The main body 12 of the tire-condition sensor 10 includes also two protuberances 56 at both sides of the valve rod 16. When it comes to attaching the tire-condition sensor 10 to the wheel rim 40, the tool used to insert into the tire may hit to damage the tire-condition sensor 10. Therefore, these two protuberances 56 are provided to prevent the main body 12 of the tire-condition sensor 10 from being hit directly by the maintenance tool or to act as a buffer against the bombardment. Moreover, the protuberances 56, resulting in a relatively large torque toward the main body 12, can also impede the bombardment of the maintenance tool to the ends of the main body 12.
To sum up, the tire-condition sensor of the invention has two adjustable bolts acting together with the valve rod such that the tire-condition sensor can be fixed firmly to the wheel rim platform. Moreover, the tire-condition sensor having low-profile antenna and the protuberance can prevent itself from being damaged by the maintenance tools when it comes to performing maintenance.
Although the invention has been explained in relation to its preferred embodiment, it is to be understood that many other possible variations can be made without departing from the spirit and scope of the invention as hereinafter claimed.
|Cited Patent||Filing date||Publication date||Applicant||Title|
|US4048614||Jan 5, 1977||Sep 13, 1977||Shumway Harry J||Low tire pressure warning device|
|US5844131||May 25, 1996||Dec 1, 1998||Alligator Ventilfabrik Gmbh||Tire pressure sensor apparatus for a pneumatic tire of a vehicle|
|US6055855||May 26, 1999||May 2, 2000||Trw Inc.||Tire pressure sensor wheel attachment apparatus|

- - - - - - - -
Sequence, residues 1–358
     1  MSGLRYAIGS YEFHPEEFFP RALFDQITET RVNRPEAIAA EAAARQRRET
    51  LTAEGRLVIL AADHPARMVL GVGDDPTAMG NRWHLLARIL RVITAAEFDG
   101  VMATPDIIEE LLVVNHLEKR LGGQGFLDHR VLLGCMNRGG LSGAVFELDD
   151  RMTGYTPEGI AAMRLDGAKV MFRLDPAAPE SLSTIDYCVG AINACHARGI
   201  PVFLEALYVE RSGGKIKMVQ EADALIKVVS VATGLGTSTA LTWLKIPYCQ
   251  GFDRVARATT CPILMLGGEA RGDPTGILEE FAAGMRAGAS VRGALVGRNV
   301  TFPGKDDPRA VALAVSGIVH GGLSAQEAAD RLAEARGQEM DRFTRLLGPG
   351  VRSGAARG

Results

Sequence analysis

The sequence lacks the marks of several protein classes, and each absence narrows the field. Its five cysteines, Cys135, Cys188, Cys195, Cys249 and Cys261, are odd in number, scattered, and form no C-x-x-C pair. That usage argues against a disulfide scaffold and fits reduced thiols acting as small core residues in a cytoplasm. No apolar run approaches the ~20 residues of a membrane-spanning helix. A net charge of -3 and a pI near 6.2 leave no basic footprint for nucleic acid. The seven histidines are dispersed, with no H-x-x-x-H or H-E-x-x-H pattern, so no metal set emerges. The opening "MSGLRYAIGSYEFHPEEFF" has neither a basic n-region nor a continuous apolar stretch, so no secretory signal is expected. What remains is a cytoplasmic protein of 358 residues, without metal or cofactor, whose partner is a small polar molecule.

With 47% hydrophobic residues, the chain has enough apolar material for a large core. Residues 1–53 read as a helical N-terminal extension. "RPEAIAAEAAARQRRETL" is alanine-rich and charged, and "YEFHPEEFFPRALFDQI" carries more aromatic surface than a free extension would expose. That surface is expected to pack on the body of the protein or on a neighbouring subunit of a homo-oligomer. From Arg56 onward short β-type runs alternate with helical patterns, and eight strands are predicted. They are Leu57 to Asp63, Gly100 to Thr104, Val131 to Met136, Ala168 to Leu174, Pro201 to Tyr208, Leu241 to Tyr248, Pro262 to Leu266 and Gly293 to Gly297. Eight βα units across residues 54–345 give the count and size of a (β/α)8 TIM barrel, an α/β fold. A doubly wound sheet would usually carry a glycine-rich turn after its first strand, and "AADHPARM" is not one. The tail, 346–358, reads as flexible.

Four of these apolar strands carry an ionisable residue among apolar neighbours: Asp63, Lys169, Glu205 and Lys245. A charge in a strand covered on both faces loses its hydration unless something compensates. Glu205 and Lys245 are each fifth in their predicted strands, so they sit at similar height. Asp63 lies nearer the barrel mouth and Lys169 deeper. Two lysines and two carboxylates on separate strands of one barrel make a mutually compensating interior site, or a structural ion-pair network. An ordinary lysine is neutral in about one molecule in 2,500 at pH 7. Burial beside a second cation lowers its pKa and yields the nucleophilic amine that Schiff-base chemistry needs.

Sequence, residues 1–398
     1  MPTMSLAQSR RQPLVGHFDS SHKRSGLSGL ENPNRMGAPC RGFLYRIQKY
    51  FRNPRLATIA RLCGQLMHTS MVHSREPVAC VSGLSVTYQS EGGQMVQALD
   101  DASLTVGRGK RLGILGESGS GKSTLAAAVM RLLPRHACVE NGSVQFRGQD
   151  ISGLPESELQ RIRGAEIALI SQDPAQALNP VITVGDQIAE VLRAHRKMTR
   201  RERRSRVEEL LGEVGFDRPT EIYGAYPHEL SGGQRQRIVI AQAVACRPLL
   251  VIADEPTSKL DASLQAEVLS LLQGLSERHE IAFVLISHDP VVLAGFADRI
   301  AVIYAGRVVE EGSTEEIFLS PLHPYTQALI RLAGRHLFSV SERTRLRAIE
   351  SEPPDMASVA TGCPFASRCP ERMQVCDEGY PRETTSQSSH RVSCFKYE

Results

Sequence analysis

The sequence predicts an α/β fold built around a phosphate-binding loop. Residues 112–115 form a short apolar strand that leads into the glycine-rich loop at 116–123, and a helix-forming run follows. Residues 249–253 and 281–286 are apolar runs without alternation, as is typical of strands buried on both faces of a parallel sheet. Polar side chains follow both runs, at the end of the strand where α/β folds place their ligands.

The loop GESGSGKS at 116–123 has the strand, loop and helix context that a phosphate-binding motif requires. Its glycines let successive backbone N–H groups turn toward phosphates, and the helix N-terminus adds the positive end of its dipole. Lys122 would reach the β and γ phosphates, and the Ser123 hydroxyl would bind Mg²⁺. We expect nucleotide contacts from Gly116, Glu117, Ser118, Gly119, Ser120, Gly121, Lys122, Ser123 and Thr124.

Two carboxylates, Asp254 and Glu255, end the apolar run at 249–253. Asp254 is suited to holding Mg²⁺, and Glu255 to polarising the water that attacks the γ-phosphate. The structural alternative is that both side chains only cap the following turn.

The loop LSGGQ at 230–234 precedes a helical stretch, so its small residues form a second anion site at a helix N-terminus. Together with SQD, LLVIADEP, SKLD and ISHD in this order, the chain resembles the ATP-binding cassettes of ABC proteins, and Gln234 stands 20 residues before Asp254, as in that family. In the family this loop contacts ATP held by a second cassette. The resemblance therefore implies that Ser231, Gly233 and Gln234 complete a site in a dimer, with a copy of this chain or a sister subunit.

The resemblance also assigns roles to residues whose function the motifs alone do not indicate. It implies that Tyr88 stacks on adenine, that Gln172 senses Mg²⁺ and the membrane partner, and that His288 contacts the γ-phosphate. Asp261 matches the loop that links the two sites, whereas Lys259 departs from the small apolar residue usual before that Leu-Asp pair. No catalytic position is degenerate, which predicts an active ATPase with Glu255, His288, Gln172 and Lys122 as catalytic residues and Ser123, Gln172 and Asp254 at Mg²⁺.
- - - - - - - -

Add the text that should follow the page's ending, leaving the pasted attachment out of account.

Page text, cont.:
|Citing Patent||Filing date||Publication date||Applicant||Title|
|US6801126 *||Jul 19, 2002||Oct 5, 2004||Dominion Technologies Group, Inc.||Method and apparatus for installing tire pressure monitor assembly onto wheels|
|US7107830 *||Dec 20, 2004||Sep 19, 2006||Mobiletron Electronics Co., Ltd.||Wireless tire pressure monitoring system (WTPMS) dual-sectional monitor signal transmission module|
|US7168305 *||Oct 20, 2004||Jan 30, 2007||Siemens Vdo Automotive Corporation||Method of securing tire pressure monitoring device to wheel|
|US7350407 *||Mar 24, 2004||Apr 1, 2008||The Yokohama Rubber Co., Ltd||Installation structure for electronic component for tire|
|US7395701 *||May 10, 2006||Jul 8, 2008||Michelin Recherche Et Technique S.A.||Method of securing a tire-based unit of a tire condition sensing system to a rim and an associated apparatus|
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|US7937998||Mar 19, 2009||May 10, 2011||Deere & Company||Sensor mount with self-tightening device|
|US8096175||Jun 20, 2008||Jan 17, 2012||Seetron, Inc.||Tire pressure sensor valve|
|US8151127||Jan 27, 2010||Apr 3, 2012||Bridgestone Americas Tire Operations, Llc||System for conserving battery life in a battery operated device|
|US8266465||Mar 7, 2012||Sep 11, 2012||Bridgestone Americas Tire Operation, LLC||System for conserving battery life in a battery operated device|
|US8881586||Oct 26, 2012||Nov 11, 2014||Mobile Awareness, Llc||Tire-condition-ascertaining cartridge|
|US20050132793 *||Oct 20, 2004||Jun 23, 2005||Siemens Vdo Automotive Corporation||Method of securing tire pressure monitoring device to wheel|
|US20060144133 *||Mar 24, 2004||Jul 6, 2006||Kazuhiro Shimura||Installation structure for electronic component for tire|
|US20060254349 *||May 10, 2006||Nov 16, 2006||Michelin Recherche Et Technique S.A.||Method of securing a tire-based unit of a tire condition sensing system to a rim and an associated apparatus|
|Cooperative Classification||B60C23/0494, B60C23/0408|
|European Classification||B60C23/04E2, B60C23/04C|
|Jul 1, 2002||AS||Assignment|
|Mar 16, 2004||CC||Certificate of correction|
|Jul 6, 2004||CC||Certificate of correction|
|May 31, 2007||FPAY||Fee payment|
Year of fee payment: 4
|Jul 11, 2011||REMI||Maintenance fee reminder mailed|
|Dec 2, 2011||LAPS||Lapse for failure to pay maintenance fees|
|Jan 24, 2012||FP||Expired due to failure to pay maintenance fee|
Effective date: 20111202